When building a new house in Seattle be prepared to hurry up and wait. Plan to also make decisions on more minute details than you thought possible.
In 2014, Ashley and Chris Rossman enlisted me to help them find a build-able lot on the top of Queen Anne. They were anticipating that the hunt for the perfect property could take months, if not a year. The Rossman’s lucked out when two properties to their liking came on the market within the first few weeks of searching. They ended up beating out a few other offers and getting the property they wanted the most. All of this was happening as Ashley was in her final week of pregnancy with their second child.
After recovering from the faster than expected purchase of their new property and the birth of their second son, the Rossman’s interviewed architects and builders. They landed on Paramount Builders and architect Lisa Curtis.
During the design phase Ashley appreciated Lisa’s ability to make the process fun, her motherly foresight on how the Rossman’s will use the house as their kids get older, and her ability to make revisions quickly.
For the Rossman’s an unexpected delay came during the six month permit process. The pace of the project after they received permits from the City of Seattle and their construction loan from Homestreet Bank has since hit breakneck speed.
Chris and Ashley love the charm of old homes and knew they wanted a Craftsman style design. The Rossman’s understand the value of building a home from scratch; they can have the classic style they want but with a modern floor plan and luxuries. Their new home will have a traditional entry, a formal living and dining room, but also an oversized eat-in kitchen that is open to a family room. Their lifestyle friendly kitchen and family room will also have an office for Ashley, a walk-in pantry, and a half bath.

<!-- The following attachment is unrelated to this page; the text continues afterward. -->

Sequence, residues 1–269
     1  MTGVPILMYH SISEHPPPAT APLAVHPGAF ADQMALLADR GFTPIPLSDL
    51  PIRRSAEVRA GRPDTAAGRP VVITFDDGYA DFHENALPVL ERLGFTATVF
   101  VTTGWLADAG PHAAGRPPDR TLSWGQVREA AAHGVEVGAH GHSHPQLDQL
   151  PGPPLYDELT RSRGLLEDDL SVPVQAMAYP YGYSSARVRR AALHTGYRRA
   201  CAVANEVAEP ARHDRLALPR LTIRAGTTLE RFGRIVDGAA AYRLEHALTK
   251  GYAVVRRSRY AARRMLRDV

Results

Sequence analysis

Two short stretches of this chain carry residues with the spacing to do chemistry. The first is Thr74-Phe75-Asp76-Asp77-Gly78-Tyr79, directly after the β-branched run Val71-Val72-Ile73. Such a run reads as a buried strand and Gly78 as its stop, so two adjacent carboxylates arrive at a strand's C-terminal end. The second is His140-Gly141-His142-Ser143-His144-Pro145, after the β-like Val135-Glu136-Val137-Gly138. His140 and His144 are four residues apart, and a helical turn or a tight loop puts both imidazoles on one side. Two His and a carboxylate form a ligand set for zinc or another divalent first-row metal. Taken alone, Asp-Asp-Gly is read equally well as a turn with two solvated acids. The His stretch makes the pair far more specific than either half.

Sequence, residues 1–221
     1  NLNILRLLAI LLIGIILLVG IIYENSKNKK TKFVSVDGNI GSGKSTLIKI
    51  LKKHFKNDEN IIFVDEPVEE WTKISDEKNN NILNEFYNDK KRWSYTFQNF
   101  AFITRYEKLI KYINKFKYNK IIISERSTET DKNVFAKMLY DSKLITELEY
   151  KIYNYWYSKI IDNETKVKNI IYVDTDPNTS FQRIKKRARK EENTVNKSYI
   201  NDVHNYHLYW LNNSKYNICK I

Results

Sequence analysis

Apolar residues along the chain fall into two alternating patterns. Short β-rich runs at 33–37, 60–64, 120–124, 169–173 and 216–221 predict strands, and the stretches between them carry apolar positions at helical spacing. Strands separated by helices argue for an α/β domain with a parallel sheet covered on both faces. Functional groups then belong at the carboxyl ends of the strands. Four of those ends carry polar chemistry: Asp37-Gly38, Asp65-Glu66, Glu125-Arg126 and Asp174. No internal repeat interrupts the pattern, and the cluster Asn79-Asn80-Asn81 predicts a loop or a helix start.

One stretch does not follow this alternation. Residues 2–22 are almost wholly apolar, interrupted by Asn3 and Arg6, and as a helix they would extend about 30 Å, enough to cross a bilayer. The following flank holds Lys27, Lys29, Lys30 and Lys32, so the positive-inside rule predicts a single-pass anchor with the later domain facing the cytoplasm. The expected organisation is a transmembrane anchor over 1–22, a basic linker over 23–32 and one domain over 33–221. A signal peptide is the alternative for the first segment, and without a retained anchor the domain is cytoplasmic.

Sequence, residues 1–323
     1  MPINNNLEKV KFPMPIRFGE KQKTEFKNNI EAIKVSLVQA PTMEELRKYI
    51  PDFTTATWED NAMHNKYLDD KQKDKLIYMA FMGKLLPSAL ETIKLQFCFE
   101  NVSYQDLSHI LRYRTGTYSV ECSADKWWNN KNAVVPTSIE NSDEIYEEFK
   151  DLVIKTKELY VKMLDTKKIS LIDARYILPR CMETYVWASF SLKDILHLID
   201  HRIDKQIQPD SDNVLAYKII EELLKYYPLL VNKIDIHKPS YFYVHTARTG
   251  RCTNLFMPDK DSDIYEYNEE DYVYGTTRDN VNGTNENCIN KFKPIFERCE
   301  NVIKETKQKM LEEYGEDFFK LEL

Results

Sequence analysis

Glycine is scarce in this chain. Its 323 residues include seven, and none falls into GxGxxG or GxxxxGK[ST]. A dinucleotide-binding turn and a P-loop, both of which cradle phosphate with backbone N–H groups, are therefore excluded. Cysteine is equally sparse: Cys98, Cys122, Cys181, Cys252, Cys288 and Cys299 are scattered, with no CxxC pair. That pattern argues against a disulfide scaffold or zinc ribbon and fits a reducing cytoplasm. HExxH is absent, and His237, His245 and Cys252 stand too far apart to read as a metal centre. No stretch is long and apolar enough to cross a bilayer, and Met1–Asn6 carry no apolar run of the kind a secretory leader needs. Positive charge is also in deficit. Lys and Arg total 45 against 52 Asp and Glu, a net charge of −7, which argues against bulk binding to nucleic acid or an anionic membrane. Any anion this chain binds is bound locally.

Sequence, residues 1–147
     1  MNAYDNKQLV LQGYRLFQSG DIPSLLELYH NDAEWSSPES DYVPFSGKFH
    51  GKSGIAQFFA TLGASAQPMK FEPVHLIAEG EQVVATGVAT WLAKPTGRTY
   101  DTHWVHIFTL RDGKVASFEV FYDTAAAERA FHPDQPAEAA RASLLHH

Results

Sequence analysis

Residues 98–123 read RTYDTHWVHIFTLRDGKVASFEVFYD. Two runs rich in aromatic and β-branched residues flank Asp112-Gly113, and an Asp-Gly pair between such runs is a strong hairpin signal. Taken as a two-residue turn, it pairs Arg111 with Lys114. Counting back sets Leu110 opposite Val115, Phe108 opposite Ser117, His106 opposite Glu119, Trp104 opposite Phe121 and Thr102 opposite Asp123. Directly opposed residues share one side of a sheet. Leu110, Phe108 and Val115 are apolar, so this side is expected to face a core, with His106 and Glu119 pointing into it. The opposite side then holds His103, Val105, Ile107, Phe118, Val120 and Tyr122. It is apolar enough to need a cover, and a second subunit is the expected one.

Upstairs the master suite and Chris’ office will enjoy northern views towards Fremont and UW. The boys will appreciate the back half of the second level with two bedrooms, their own office, and access to an attic hideout.
The light-filled basement level will have a media room, playroom, Ashley’s craft room, a bedroom, a bathroom, and a second laundry with a dog shower.
Playing up the Transitional style, their home will have wood shiplap siding on the exterior and it will continue through to the interior. Details like dutch doors, box beam ceilings, and Windsor Windows will also add to the grace of the finished home.
From inside the trenches, Ashley’s advice for enjoying the experience of building a home is not to put pressure on yourself to hit a specific deadline for completion. Ashley has also learned her limitations when it comes to making decisions… for her it’s door hinges. Ashley has learned she has no opinion on door hinges.